Treatment Advances Help Lupus Sufferers Lead a Healthy Life
By Mather Rheumatology
What Is Lupus?
Lupus is an autoimmune disease, which means that the immune system mistakes the body's own tissues as foreign invaders and attacks them. Some people with lupus suffer only minor inconvenience. Others suffer significant lifelong disability.
Lupus affects people of African, Asian, or Native American descent two to three times as often as it affects whites. Nine out of 10 people with lupus are women. The disease usually strikes between age 15 and 44, although it can occur in older individuals.
While there's no cure for lupus, current treatments focus on improving quality of life through controlling symptoms and minimizing flare-ups. This begins with lifestyle modifications, including sun protection and diet. Further disease management includes medications, such as anti-inflammatories and steroids.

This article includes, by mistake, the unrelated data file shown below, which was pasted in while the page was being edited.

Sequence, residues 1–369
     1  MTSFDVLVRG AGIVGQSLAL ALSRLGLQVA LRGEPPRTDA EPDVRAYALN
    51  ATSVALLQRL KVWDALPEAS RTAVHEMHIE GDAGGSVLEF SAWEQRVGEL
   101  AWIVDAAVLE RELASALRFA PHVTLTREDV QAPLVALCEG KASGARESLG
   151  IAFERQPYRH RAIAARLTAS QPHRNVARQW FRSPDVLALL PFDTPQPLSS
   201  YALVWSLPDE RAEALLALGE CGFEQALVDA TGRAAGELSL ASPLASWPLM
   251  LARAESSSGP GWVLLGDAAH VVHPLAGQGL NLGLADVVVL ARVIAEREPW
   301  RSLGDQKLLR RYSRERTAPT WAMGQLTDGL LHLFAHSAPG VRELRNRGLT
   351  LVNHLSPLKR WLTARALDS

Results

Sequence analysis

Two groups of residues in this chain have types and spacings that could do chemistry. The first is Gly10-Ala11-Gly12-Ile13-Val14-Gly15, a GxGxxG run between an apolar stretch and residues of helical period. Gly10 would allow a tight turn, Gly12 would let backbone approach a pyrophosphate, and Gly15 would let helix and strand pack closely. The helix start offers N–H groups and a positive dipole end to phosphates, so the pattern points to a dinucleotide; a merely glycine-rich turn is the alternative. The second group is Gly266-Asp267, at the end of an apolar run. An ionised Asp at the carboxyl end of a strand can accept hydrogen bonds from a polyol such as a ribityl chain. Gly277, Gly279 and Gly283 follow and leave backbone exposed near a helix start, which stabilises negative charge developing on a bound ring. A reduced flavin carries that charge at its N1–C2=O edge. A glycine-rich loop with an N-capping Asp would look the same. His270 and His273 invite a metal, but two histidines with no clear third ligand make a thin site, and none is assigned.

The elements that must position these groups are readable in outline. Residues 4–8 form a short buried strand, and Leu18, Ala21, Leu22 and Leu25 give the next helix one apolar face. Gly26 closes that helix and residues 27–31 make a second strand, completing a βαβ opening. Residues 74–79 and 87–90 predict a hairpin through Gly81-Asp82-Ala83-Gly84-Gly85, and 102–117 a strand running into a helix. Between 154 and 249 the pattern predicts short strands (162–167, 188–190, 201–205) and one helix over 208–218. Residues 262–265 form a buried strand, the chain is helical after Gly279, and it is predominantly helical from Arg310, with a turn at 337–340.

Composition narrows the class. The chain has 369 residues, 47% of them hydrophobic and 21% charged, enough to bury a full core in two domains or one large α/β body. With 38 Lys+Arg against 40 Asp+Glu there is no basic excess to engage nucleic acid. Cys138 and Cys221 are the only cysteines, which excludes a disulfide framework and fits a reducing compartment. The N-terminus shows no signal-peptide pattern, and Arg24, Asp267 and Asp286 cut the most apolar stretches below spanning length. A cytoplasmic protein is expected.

"If it's caught and treated early with medications, and the patient maintains a good lifestyle, lupus can be successfully managed," says Dr. Sanjay Godhwani of the Mather Rheumatology, a practice of Harbor View Medical Services, PC
Treatment for lupus depends on your signs and symptoms. Determining whether your signs and symptoms should be treated and what medications to use requires a careful discussion of the benefits and risks with your doctor.
No two cases of lupus are exactly alike. Signs and symptoms may come on suddenly or develop slowly, may be mild or severe, and may be temporary or permanent. Most people with lupus have mild disease characterized by episodes — called flares — when signs and symptoms get worse for a while, then improve or even disappear completely for a time.
The signs and symptoms of lupus that you experience will depend on which body systems are affected by the disease. The most common signs and symptoms include:
- Fatigue and fever
- Joint pain, stiffness and swelling
- Butterfly-shaped rash on the face that covers the cheeks and bridge of the nose
- Skin lesions that appear or worsen with sun exposure (photosensitivity)
- Fingers and toes that turn white or blue when exposed to cold or during stressful periods (Raynaud's phenomenon)
- Shortness of breath
- Chest pain
- Dry eyes
- Headaches, confusion and memory loss
See your doctor if you develop an unexplained rash, ongoing fever, persistent aching or fatigue.
Read the complete Newsday article.
Source: Newsday, Mayo Clinic